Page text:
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AP article covers the new reality show "Ice Brigade," featuring Grand Rapids-based Ice Sculptures Ltd. Awesome opportunity for a cool local company to get some additional exposure. Maybe this could help them land more commissions out-of-state. I would think chances are good of seeing some shots of GR locations on the show as well.

http://www.chicagotribune.com/news/chi-ap-mi-icebrigade-kalama,0,4806149.story

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This is a beer review about a visit to Founders Brewing Co., but the first few paragraphs give a little insight into the perspective of someone who has never been to GR, and spends a little time wandering around downtown.

http://www.midwestbe...o-founders.html

After that, we spent some time wandering around downtown Grand Rapidswhere it became evident that art is a big part of this city’s identity. We saw at least two murals every 3rd or 4th block, and a real eye grabbing piece of art in the heart of downtown (picture of said eye catcher here) that I stared at for 5 minutes (due to both it’s awesomeness and it’s use of rocket/plane engines). In short, Grand Rapids is an art loving town.

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Check out this video profile of professional skater Josh Kalis, professionally shot by DCShoesMedia:

Some cool shots of the city in there.

My favorite part is the Burton & K-zoo segment. He shows off the places where he skated as a kid, including the cement block where he attempted his first trick. There's also a moment that had my wife and I both laughing that I won't give away. The footage at Modern Skate and Surf at the end is pretty cool as well.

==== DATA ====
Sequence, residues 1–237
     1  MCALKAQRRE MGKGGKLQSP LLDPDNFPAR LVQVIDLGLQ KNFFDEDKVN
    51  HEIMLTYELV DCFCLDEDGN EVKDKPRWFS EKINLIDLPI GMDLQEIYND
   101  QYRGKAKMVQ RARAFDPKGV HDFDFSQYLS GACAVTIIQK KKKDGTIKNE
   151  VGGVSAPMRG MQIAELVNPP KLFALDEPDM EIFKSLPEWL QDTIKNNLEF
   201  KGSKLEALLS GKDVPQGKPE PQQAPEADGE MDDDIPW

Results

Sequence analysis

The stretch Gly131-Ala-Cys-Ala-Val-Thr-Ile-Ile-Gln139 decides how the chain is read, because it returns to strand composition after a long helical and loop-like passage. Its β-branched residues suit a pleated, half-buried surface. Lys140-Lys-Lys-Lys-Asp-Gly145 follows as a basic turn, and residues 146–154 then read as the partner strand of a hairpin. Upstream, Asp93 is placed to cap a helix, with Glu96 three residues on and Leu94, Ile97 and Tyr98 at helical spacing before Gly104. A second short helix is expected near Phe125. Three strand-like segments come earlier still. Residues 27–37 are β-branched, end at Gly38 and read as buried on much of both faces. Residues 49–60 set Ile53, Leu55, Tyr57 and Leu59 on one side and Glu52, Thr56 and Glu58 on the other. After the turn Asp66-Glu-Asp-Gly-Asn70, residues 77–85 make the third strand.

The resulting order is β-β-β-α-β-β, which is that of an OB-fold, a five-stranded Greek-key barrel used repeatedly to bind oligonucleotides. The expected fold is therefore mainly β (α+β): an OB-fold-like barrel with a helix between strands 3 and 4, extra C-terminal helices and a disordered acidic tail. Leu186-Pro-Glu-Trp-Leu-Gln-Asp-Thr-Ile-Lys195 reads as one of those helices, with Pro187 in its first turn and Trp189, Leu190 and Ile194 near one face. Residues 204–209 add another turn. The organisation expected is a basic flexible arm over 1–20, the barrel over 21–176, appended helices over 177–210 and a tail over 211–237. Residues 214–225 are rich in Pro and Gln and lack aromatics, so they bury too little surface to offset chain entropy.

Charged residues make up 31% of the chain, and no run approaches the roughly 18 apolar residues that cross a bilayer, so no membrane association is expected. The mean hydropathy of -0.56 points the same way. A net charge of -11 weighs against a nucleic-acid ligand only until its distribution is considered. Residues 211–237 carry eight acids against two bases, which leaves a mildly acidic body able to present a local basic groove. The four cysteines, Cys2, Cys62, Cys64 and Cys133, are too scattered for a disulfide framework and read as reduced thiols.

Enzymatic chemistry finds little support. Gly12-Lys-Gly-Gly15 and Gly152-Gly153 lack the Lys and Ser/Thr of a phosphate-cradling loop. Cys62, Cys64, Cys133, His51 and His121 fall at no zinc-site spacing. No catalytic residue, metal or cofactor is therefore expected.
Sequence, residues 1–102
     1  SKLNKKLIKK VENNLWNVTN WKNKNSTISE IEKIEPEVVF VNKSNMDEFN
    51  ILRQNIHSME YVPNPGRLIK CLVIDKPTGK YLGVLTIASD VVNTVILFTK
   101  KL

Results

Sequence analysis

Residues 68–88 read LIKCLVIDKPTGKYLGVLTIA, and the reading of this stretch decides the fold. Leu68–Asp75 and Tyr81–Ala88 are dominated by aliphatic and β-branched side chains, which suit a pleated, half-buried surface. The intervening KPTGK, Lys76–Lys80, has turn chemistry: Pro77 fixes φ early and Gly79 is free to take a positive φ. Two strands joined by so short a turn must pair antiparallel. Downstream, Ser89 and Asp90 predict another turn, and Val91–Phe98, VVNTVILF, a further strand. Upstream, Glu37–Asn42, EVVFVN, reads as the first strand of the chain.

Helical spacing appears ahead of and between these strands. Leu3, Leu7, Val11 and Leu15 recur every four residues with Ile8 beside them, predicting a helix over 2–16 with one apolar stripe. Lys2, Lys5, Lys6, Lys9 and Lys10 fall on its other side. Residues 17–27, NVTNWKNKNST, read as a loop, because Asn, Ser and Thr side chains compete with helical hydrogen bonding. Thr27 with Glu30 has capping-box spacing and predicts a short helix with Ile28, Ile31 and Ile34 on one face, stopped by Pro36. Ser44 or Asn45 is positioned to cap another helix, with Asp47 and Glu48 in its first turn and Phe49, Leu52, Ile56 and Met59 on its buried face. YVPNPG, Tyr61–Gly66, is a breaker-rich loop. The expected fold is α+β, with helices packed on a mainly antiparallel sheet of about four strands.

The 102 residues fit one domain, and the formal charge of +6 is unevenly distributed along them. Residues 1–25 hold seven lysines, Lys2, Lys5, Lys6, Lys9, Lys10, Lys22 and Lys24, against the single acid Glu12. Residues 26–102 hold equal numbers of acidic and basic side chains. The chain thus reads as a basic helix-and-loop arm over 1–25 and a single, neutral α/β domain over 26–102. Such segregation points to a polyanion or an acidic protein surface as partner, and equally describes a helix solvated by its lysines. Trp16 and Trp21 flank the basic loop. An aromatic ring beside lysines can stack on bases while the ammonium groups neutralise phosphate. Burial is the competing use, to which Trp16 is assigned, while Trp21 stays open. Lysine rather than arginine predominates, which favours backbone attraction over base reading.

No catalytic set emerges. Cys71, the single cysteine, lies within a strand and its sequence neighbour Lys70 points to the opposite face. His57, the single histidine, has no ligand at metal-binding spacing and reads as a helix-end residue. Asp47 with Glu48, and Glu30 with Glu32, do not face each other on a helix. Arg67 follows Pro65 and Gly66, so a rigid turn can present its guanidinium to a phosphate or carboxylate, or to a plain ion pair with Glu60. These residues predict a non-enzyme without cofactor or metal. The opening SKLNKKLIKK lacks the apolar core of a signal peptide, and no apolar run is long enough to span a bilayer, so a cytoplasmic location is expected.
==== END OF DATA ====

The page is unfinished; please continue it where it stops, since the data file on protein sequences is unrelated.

Edited by fotoman311
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Check out this video profile of professional skater Josh Kalis, professionally shot by DCShoesMedia:

Some cool shots of the city in there.

My favorite part is the Burton & K-zoo segment. He shows off the places where he skated as a kid, including the cement block where he attempted his first trick. There's also a moment that had my wife and I both laughing that I won't give away. The footage at Modern Skate and Surf at the end is pretty cool as well.

Wow - I didn't know that my church's parking lot had that kind of history. :)

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It is once again a person sitting in an office in Manhattan writing about a city they've never set foot in, which is in a state they"ve never set foot in. They look at spreadsheets and say city x is dying based on population estimates, which are based on tax returns. Census numbers will show a much different story. They didn't include Lansing, which is a city over 100k people, and has lost more residents than GR. Even the precious Ann Arbor has lost people. Not to mention cities in other states, Des Moines, Dayton, 3/4ths of the Pennsylvania steel cities. These things are never scientific, they saw the MI before the 49503 and decided to include it because we are in Michigan. It stings a little, it might create an image problem for us, if people read this and decide not to relocate here. But it's BS. Does anyone remember 10 years ago when 99 population estimates put us at 181k? But when census numbers came out the city was just shy of 200k ? If we gain even one person in the census counts I say we start a national campaign to take it back!